Experimental Studies on the Regulation of Pigment Dynamics in Phytoplankton and Copepods by Dissolved Inorganic Nutrients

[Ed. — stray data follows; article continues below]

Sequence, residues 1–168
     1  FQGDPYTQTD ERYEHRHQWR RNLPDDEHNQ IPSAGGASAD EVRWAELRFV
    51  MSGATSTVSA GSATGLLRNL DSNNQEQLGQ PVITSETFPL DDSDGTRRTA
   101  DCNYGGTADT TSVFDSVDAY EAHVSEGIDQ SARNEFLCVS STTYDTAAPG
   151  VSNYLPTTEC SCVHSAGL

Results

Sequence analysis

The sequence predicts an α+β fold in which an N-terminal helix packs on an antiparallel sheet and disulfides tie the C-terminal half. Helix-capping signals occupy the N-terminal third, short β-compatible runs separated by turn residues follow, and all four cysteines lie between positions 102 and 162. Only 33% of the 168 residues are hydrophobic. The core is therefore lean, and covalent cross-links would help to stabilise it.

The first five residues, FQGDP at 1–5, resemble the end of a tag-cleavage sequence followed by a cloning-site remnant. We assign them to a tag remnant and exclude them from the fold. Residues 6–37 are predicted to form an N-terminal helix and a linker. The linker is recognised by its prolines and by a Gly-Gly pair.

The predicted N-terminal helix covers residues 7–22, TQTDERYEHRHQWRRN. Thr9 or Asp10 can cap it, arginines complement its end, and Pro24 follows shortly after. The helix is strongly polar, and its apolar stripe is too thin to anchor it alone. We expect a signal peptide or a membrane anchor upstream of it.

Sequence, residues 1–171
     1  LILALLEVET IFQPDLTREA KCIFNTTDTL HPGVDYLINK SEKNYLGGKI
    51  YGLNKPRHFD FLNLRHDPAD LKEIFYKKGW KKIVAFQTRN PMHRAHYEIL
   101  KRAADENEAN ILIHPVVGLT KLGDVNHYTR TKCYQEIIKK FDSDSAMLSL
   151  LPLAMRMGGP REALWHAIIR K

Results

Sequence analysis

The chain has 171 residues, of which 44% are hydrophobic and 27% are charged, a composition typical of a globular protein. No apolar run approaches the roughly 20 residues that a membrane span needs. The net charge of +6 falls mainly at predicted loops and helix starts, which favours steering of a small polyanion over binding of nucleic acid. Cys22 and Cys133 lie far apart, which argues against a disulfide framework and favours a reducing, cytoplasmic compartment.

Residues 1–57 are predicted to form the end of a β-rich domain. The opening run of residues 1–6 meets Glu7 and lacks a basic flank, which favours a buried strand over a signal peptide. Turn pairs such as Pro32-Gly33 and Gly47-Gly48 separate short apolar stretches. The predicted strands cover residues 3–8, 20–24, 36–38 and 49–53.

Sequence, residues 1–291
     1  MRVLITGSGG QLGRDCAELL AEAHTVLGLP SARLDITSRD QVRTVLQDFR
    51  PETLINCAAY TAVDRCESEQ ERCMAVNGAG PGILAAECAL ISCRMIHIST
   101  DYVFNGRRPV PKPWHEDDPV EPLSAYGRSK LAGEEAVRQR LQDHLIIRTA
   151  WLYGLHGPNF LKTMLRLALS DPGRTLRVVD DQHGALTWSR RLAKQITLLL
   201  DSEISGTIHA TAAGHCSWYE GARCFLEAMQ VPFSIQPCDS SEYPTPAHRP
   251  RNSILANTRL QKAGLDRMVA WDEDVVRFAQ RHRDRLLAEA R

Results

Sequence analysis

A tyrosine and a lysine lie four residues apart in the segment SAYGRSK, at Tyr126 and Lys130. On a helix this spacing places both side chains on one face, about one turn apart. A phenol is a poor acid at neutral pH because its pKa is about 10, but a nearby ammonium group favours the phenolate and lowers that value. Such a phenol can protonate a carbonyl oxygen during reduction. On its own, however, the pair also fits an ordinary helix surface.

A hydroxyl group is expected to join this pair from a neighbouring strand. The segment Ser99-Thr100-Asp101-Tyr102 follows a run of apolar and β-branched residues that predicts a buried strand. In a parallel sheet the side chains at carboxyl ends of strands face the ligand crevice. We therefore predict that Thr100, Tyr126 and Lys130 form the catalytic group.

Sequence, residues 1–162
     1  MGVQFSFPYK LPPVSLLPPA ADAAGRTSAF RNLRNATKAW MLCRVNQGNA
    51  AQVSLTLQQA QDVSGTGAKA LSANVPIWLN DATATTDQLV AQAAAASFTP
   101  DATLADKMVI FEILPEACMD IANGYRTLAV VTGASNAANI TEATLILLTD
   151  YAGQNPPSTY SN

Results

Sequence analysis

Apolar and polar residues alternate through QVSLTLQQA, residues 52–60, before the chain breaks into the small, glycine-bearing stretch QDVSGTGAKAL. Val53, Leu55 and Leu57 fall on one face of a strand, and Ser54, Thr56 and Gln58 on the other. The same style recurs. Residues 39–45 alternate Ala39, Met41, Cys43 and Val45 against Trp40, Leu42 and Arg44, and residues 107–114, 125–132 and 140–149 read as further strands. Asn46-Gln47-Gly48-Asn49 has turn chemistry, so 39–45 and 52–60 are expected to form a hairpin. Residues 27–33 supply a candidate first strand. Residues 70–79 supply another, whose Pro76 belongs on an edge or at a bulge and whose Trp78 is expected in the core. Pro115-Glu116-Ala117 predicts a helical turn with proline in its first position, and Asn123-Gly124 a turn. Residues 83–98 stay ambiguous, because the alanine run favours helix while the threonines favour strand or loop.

Abstract: This thesis examines the role of dissolved inorganic nutrients in generating changes in phytoplankton community and pigment composition and if such changes can affect the production of the antioxidant astaxanthin in the ecosystem via pelagic copepods. The background of my studies is the possible relationship between eutrophication and a reproductive disturbance in Baltic populations of Atlantic salmon (M74), which is associated with astaxanthin and thiamine deficiencies and oxidative stress. In the southern Baltic Sea, changes in nutrient loads correlate with observed trends of flagellates replacing diatoms in the phytoplankton. Copepods are the main producers of astaxanthin and a major link between phytoplankton and higher trophic levels. In laboratory and field experiments in the Baltic Sea proper and the Norwegian Sea, I show that astaxanthin synthesis in copepods is fast and depends on pigment composition of the phytoplankton diet. Among single-species diets, a diatom and a green algal cyst yielded the highest astaxanthin levels in copepods, and another diatom species, a green alga and a cyanobacterium the lowest. In nutrient-generated phytoplankton blooms in mesocosms, copepods grazing on diverse communities dominated by weakly silicified diatoms produced more astaxanthin compared with copepods grazing on communities dominated by strongly silicified diatoms. This suggests that diatoms invested in defence mechanisms and escaped grazing at surplus Si. A nutrient-starved diatom culture subjected to intraspecific competition exhibited decreased pigment levels, increased thiamine levels and increased oxidative stress.My results suggest that diatoms are beneficial for astaxanthin and thiamine production compared to other phytoplankton groups, but not under all circumstances. Copepod growth and development also responded to inorganic nutrient availability and affected total astaxanthin production per volume seawater, with highest production when the copepods grazed on diatoms. From an ecosystem perspective, increased N and P loads seem to promote high astaxanthin production, but not when diatoms disappear completely.
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